I found the descriptions of studio architecture a bit tedious, but other than that I enjoyed Frequent Hearses. It was first published in 1950, so it has period interest, as well as well as being a good whodunit, written in a charming style.
Gralinda
If I had to rank my favorite British mystery authors who produced their best work in the 1930s through the 1950s, my list would look like this:

(1) Edmund Crispin a.k.a. Bruce Montgomery
(2) Michael Innes a.k.a. John Innes Mackintosh Stewart
(3) Dorothy Sayers
(4) Margery Allingham
(5) Michael Innes a.k.a. John Innes Mackintosh Stewart (with a drop in rank for his mysteries that went off the surreal deep-end).

Out of my Fab Four Brits, Michael Innes and Edmund Crispin share the most similarities. They were both of Scots-Irish background, both wrote their mysteries under pseudonyms while teaching at college, and both were educated at Oxford -- Oriel College and St. John’s College, respectively. They both wrote highly literate mysteries with frequent allusions to the classics (nine out of ten of which go zooming right over my head). Michael Innes has his detective, Sir John Appleby poke fun at this high-brow type of murder fiction in “Death at the Chase”:

“That's why detective stories are of no interest to policemen. Their villains remain far too consistently cerebral.”

Expect that even the most vicious murderer in an Edmund Crispin mystery will quote Dryden or Shakespeare at the drop of a garrote. “Frequent Hearses” is a fertile setting for this type of classical badinage, since its plot involves the making of a film based on the biography of Alexander Pope. Gervase Fen, Oxford don of English Language and Literature, and amateur detective extraordinaire is hired by the film company as a story consultant, and he is plagued throughout the book by a Scotland Yard detective who is an amateur classics scholar. Fen wants to discuss the murder. Chief Inspector Humbleby wants to talk about the Brontes and Dr. Johnson. Neither one will admit to a less than perfect understanding of either his profession or his hobby, and both despise amateurs. Their encounters keep “Frequent Hearses” sparkling along right up until its final page. Here is a sample of dialogue, wherein Inspector Humbleby deliberately misunderstands Fen’s explanation of the film’s subject:

“Based,” Fen reiterated irritably, “on the life of Pope.”
“The Pope?”
“Pope.”
“Now which Pope would that be, I wonder?” said Humbleby, with the air of one who tries to take an intelligent interest in what is going forward. “Pius, or Clement, or--“
Fen stared at him. “Alexander, of course.”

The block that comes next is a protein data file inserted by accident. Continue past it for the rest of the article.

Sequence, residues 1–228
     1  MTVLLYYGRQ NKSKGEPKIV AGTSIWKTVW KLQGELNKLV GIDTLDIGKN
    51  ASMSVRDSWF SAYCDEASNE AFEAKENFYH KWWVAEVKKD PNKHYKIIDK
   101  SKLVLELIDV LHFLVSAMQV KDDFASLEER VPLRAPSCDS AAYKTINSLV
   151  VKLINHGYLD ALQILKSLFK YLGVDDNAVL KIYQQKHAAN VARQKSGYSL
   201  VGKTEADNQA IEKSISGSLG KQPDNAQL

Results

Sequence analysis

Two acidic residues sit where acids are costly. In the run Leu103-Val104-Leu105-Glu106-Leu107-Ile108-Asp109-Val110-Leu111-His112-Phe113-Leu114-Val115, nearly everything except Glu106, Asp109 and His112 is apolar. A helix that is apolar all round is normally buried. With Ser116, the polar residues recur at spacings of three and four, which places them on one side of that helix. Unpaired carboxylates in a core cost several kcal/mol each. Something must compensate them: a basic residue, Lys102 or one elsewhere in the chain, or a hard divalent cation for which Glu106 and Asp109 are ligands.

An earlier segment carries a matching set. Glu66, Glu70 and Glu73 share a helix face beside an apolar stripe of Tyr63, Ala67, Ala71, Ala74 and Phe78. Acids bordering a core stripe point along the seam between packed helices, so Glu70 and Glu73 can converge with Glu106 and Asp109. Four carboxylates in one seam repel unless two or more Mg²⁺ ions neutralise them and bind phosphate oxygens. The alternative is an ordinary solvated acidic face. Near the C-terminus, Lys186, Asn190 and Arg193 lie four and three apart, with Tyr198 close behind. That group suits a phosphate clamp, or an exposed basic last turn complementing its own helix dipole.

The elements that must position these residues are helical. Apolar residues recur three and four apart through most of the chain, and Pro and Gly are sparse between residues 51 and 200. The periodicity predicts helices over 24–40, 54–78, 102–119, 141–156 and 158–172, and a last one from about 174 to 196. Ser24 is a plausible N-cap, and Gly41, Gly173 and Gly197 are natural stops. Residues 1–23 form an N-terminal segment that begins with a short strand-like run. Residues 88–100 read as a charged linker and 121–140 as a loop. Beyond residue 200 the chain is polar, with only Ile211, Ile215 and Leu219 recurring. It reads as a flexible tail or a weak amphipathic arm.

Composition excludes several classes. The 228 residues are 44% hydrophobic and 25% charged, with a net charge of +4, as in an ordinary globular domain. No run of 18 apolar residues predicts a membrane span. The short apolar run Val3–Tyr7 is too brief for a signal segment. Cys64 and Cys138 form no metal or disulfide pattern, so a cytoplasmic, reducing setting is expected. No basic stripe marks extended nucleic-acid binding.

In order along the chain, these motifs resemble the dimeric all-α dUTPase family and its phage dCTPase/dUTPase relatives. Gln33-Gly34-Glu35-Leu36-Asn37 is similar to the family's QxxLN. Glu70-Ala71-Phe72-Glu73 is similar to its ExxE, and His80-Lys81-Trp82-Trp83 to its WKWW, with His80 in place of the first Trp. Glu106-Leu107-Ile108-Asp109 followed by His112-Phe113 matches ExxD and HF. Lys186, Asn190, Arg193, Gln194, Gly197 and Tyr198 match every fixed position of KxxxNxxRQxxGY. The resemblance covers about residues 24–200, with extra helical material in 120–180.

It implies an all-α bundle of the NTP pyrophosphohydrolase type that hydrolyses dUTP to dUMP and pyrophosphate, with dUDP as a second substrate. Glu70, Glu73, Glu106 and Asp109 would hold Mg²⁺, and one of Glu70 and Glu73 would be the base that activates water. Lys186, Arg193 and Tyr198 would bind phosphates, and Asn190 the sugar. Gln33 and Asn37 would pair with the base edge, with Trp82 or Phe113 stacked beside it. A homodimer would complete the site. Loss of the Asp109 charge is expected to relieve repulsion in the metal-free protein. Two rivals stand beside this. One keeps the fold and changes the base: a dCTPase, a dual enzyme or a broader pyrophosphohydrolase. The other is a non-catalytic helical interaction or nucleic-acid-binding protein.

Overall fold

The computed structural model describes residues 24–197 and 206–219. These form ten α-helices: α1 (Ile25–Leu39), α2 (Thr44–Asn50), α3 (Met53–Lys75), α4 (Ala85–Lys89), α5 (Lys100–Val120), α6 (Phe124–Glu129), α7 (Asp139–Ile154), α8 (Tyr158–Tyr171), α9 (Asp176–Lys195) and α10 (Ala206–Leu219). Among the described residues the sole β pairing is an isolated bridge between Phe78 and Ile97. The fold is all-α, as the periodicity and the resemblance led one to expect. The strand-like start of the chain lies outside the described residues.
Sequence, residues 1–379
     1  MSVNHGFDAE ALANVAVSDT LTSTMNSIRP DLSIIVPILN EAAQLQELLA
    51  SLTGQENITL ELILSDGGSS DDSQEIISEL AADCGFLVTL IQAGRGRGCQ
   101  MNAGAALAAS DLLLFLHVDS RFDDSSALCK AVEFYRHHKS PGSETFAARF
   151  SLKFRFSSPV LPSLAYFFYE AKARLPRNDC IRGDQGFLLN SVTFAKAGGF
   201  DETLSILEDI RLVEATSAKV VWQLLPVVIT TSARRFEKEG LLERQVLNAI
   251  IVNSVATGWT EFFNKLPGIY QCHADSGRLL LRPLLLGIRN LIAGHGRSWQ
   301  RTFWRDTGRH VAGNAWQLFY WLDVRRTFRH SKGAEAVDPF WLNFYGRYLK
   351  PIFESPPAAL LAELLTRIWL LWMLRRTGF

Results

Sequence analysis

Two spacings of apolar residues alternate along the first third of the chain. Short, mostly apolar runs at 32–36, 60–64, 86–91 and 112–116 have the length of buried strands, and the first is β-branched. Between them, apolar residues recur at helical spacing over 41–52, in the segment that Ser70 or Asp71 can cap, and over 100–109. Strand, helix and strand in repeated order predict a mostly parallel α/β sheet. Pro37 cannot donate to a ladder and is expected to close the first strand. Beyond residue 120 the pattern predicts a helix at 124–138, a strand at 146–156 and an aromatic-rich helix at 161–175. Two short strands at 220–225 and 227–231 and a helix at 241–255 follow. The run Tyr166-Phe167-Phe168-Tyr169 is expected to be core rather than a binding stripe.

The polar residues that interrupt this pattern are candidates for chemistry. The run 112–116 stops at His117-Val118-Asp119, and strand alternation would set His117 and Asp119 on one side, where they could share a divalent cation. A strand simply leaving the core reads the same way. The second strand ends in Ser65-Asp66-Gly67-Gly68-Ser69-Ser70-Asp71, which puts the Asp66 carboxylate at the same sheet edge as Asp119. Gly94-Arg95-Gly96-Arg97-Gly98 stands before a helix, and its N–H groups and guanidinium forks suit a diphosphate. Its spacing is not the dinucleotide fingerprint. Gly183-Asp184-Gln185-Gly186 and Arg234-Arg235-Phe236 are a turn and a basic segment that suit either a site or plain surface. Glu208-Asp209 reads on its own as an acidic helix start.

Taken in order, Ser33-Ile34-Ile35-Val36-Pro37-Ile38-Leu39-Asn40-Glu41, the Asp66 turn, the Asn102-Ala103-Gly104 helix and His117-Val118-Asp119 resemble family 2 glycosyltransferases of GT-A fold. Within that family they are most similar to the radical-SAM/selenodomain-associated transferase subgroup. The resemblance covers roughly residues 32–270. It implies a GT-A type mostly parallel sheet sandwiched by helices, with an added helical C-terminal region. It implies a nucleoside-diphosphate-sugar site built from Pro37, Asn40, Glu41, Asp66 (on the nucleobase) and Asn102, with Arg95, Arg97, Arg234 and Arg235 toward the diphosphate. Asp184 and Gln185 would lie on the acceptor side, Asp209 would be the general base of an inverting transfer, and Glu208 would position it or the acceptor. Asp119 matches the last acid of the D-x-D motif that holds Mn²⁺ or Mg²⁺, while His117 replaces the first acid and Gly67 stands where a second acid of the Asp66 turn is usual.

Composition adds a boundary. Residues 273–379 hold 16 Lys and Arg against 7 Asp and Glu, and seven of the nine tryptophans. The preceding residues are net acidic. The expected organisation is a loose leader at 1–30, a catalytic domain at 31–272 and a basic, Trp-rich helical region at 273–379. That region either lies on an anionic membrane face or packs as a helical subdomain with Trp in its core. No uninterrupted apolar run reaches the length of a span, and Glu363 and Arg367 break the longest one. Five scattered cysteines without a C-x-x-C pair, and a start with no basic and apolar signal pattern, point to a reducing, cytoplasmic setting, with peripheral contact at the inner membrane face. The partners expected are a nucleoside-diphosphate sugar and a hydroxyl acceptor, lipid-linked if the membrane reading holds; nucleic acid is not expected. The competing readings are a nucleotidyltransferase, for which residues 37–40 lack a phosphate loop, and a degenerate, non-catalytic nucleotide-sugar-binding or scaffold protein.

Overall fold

“You mean”---Humbleby spoke with something of an effort---“you mean the Borgia?”

All of Crispin’s characters are carefully (one might say ‘crisply’) developed, and distinguished for the reader by a quirk or eccentric manner of speech (sometimes Crispin overplays the eccentricity at the expense of realism, especially with his main protagonist-- I do wish Fen would stop expostulating, “Oh, my fur and whiskers!”). Physical description is sketchy. If one of Crispin’s characters walked past you in the street, you probably wouldn’t recognize him. However, if you were to overhear his conversation with the postman---

And I don’t mean to imply that “Frequent Hearses” is all dialogue and no action. There is one especially harrowing scene where a young woman chases the murderer into a maze in order to learn his identity and then (when reason returns) can’t find her way back out again. By the time Fen rescues her, she has endured an experience right out of an M.R. James horror story (in fact, the young woman quotes M.R. James at length while she is traversing the maze – a typical Crispin characteristic).

The mystery surrounding the murderer’s identity and motivation is as cleverly convoluted as the maze, and it is equally as hard to get to its heart. Crispin himself wrote and published at least one film script and composed music for several films, so “Frequent Hearses” is told with the knowledge of a movie industry insider.

If you like vintage British mysteries with a ‘classical education’ and haven’t yet discovered the ‘Professor Fen’ novels, then you’re in for a treat-- assuming you can find these out-of-print volumes. Here are all nine of the Fen mysteries plus two collections of short stories, in case you jump into ‘Frequent Hearses’ and want to keep going:

“The Case of the Gilded Fly” (“Obsequies at Oxford”), 1944;
“Holy Disorders”, 1945;
“The Moving Toyshop”, 1946;
“Swan Song” (“Dead and Dumb”), 1947;
“Love Lies Bleeding”, 1948;
“Buried for Pleasure”, 1948;
“Frequent Hearses”, 1950;
“The Long Divorce”, 1952;
“Beware of the Trains”, 1953 (short stories);
“The Glimpses of the Moon”, 1978;
“Fen Country”, 1979 (short stories).